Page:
If this was Paul Konerko’s final at-bat as a White Sox player at soggy U.S. Cellular Field, it’s safe to say he went out in grand style Sunday night.
But even Konerko, who hit a seventh-inning grand slam, was upstaged in one of the craziest and dramatic victories in franchise history.
Scott Podsednik, who didn’t hit a home run in 507 regular-season at-bats, clubbed a homer off closer Brad Lidge with one out in the bottom of the ninth to give the Sox a 7-6 victory over Houston and a 2-0 lead in the World Series before a damp but delirious crowd of 41,432.
“It’s pretty indescribable,” Podsednik said.
His homer came after the Astros had tied the game in the top of the inning on pinch-hitter Jose Vizcaino’s two-out, two-run single off rookie closer Bobby Jenks.
“I didn’t think it would be that quick or on a homer by him,” Konerko said while smiling at Podsednik, whose teammates often rib him for his lack of power.
Instead, the Sox were flying high after Podsednik’s homer, the 14th walk-off homer in Series history.
The homer ignited a mass celebration at home plate in front of nearly all of a soaked sellout crowd that cheered for several minutes.
The loss was devastating for the Astros, who received six solid innings from left-hander Andy Pettitte but are uncertain about the status of Roger Clemens.
The 43-year-old Game 1 starter received an injection after straining his left hamstring and left Saturday’s game after two innings.
“We’re still in a day-by-day mode with him, but he’s pretty sore,” Houston manager Phil Garner said.
Of the 49 teams that have taken 2-0 leads in the Series, 38 have won the championship. That includes the last five, most recently the Boston Red Sox.
The White Sox have won six consecutive postseason games and 14 of their last 15 dating to the regular season.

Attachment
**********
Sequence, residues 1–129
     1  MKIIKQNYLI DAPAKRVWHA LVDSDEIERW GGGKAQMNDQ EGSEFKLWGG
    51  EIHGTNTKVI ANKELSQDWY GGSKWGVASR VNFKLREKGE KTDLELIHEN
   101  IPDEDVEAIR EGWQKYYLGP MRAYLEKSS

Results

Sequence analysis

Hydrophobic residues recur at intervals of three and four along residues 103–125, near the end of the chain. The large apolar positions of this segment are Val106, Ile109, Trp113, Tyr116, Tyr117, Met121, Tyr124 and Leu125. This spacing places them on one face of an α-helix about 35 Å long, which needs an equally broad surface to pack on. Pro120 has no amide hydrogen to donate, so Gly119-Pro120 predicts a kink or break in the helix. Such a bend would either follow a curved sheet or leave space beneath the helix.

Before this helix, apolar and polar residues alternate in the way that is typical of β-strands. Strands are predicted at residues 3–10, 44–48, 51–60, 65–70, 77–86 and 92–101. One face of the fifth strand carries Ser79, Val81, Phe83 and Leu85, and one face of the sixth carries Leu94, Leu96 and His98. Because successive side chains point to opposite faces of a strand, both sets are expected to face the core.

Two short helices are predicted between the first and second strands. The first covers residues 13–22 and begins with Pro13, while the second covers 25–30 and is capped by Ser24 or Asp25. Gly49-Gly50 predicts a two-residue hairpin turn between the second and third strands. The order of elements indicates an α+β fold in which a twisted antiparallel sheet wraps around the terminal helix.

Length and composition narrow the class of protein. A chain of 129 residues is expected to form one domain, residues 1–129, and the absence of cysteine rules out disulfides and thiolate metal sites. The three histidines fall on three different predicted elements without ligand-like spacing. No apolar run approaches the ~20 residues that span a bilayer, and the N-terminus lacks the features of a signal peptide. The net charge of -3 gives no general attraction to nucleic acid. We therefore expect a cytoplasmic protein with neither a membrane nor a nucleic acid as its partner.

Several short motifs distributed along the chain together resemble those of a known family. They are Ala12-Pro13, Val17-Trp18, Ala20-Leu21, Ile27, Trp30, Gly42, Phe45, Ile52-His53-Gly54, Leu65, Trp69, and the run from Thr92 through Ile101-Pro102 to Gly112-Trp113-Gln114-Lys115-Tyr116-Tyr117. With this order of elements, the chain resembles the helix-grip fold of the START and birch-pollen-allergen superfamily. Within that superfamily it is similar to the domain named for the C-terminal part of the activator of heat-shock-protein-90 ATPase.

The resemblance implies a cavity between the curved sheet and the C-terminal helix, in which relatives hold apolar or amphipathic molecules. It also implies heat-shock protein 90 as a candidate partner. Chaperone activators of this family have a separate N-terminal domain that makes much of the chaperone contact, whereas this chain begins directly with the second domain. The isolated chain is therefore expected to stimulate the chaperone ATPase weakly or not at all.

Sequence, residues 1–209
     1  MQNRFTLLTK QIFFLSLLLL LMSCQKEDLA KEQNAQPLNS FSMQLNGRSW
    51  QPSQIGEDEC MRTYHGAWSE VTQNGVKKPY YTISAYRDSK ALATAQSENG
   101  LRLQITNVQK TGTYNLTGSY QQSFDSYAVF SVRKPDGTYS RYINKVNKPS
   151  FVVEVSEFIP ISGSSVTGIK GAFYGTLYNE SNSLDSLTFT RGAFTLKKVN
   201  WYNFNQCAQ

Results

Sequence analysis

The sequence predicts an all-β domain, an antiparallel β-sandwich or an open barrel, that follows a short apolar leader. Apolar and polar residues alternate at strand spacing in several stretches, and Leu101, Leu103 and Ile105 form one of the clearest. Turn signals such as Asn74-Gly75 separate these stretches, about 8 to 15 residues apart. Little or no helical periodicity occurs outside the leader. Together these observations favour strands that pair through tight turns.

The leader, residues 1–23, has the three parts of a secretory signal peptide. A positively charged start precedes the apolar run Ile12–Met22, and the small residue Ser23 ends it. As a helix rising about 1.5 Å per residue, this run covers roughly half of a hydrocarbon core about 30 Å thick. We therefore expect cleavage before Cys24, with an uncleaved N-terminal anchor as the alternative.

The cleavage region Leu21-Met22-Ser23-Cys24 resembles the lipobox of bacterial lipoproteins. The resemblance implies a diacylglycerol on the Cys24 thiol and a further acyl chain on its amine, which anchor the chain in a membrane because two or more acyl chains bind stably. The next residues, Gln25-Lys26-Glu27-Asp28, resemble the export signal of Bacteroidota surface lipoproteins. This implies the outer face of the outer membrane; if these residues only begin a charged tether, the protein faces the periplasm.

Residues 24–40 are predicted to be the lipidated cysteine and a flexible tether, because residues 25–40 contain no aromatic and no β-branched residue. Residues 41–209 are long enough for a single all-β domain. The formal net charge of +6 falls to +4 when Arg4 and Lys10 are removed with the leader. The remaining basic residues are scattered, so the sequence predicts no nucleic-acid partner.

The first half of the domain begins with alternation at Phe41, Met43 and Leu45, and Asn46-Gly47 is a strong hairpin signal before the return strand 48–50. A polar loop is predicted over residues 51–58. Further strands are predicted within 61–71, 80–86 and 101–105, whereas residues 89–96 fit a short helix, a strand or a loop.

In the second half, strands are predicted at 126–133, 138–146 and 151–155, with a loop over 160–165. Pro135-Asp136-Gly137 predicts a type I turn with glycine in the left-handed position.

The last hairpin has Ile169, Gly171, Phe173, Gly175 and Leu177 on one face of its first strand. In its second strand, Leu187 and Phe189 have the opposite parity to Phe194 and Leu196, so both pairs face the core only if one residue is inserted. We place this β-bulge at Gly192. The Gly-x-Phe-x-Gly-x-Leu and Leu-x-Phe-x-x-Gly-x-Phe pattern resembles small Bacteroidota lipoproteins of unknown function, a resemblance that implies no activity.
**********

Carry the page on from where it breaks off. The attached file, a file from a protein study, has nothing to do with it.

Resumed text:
But seldom has a victory been this dramatic. The Sox were facing the possibility of heading to Houston tied in the Series 1-1 and facing flamethrowing Roy Oswalt in Game 3 before a loud crowd at Minute Maid Park.
“They’ve done it before,” catcher A.J. Pierzynski said of the Astros’ resiliency. “They had this happen [in the National League Championship Series] and blew the Cardinals out of the water with Oswalt on the mound.”
This was the second time in as many games that Lidge had allowed a game-winning playoff home run. But it was more incredible that he surrendered his homer on a 2-1 pitch to Podsednik, who started the game with a 10-pitch at-bat against Pettitte and has shown a knack for working counts in his favor in the postseason.
“This is a great guy,” Konerko said of Podsednik. “It couldn’t happen to a greater guy. Everyone likes Pods.”
Podsednik, aware of Lidge’s powerful fastball and dive-bombing slider, felt comfortable once he worked the count in his favor.
“It was a good pitch to hit, and I was able to drive it out,” said the recently engaged Podsednik, who said this was the greatest moment of his baseball career.
The Sox collectively said they were upset but not discouraged after Vizcaino’s hit.
“We have 25 guys pulling on the same rope,” said Podsednik, who homered in Game 1 of the American League Division Series against Boston.
The Sox got a massive tug from Konerko, albeit after a controversial call that benefited them.
Trailing 4-2, the Sox loaded the bases in the seventh when plate umpire Jeff Nelson ruled that Jermaine Dye had been struck on the hand by a high, tight 3-2 pitch from reliever Dan Wheeler.
Television replays seemed to show that the pitch had struck Dye’s bat and supported Garner’s brief argument.
Garner lifted Wheeler in favor of Chad Qualls, whom Konerko feared until he nailed the first pitch over the fence.
“He threw it right where I was looking,” Konerko said. “I wasn’t good all night. I don’t think I got in position to hit one pitch all night.”
Konerko, the premier power hitter on the free-agent market this winter, became the first Sox player and the 18th player in Series history to hit a grand slam.
The homer also aroused a crowd that had sat through a seven-minute rain delay and game-time conditions of 45 degrees and 10 m.p.h. winds that became more miserable.
Konerko, who hit 40 or more home runs and drove in at least 100 runs for the second consecutive year, extended his franchise playoff marks of five homers and 15 RBIs.